28 posts categorized "Globalization"

October 08, 2018

Language and Culture

Headshot 3.13 cropcompressBy Karen Sternheimer

Have you studied a foreign language? If you have and are in the U.S., you may be in the minority, according to a recent report from the Pew Research Center. According to the report, about 20 percent of K-12 students in the U.S. were enrolled in a foreign language course in 2017. By contrast, 92 percent of European students were learning a foreign language during this time frame.

Wide disparities exist regarding foreign language study within the U.S. according the report, ranging from 51 percent of New Jersey students to just 9 percent in Arizona, Arkansas, and New Mexico. These disparities largely stem from differing state requirements; just ten states and the District of Columbia have a foreign language requirement for high school graduation.

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September 10, 2018

Being a Temporary Foreigner

Headshot 3.13 cropcompressBy Karen Sternheimer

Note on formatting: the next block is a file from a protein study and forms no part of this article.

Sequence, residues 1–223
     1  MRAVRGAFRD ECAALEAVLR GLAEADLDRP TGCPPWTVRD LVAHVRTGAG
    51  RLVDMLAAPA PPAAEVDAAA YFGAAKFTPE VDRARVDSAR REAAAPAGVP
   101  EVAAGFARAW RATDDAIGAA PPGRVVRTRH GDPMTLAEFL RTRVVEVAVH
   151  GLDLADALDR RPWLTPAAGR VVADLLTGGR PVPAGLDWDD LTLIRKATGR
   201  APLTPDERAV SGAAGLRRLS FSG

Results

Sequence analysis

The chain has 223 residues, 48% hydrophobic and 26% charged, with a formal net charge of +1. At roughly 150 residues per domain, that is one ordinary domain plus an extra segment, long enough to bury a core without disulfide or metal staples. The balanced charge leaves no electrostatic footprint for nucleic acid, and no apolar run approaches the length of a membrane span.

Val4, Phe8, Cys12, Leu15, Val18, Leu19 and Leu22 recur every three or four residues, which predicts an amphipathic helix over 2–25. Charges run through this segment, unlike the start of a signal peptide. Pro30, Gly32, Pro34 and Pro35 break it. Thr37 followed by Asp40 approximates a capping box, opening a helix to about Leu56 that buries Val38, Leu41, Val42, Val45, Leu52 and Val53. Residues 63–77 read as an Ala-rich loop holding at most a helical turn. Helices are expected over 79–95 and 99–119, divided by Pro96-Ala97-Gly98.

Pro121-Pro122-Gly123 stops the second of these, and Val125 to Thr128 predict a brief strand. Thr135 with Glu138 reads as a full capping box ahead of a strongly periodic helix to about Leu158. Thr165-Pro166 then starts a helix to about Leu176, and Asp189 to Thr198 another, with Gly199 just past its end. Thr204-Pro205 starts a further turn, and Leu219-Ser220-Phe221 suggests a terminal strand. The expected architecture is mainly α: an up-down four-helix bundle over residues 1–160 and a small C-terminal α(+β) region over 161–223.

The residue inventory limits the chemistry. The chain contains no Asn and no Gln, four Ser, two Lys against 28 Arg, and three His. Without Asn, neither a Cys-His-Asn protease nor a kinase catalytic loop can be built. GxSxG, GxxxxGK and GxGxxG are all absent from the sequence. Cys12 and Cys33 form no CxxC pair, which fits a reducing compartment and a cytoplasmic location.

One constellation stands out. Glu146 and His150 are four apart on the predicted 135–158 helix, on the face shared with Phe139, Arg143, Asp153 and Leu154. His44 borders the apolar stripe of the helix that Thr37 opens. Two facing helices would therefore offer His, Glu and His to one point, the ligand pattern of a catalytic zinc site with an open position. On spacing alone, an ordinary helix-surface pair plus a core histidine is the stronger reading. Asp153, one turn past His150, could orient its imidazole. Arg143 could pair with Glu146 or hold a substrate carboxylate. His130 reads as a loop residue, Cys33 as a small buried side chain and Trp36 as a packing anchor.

As C. Wright Mills noted in The Sociological Imagination, one of our tasks as sociologists is to “make the familiar strange.” Traveling to a foreign country—especially one where you barely speak the language—is a great way to undertake Mills’s advice.

Travel highlights how many little things we take for granted while interacting with others. The most obvious barrier is speaking the same language. While we English speakers of the world are uniquely privileged because so many people speak our language, or at least some of our language, not everyone does.

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July 23, 2018

Race and Studying Abroad

Jonathan Wynn (1)By Jonathan Wynn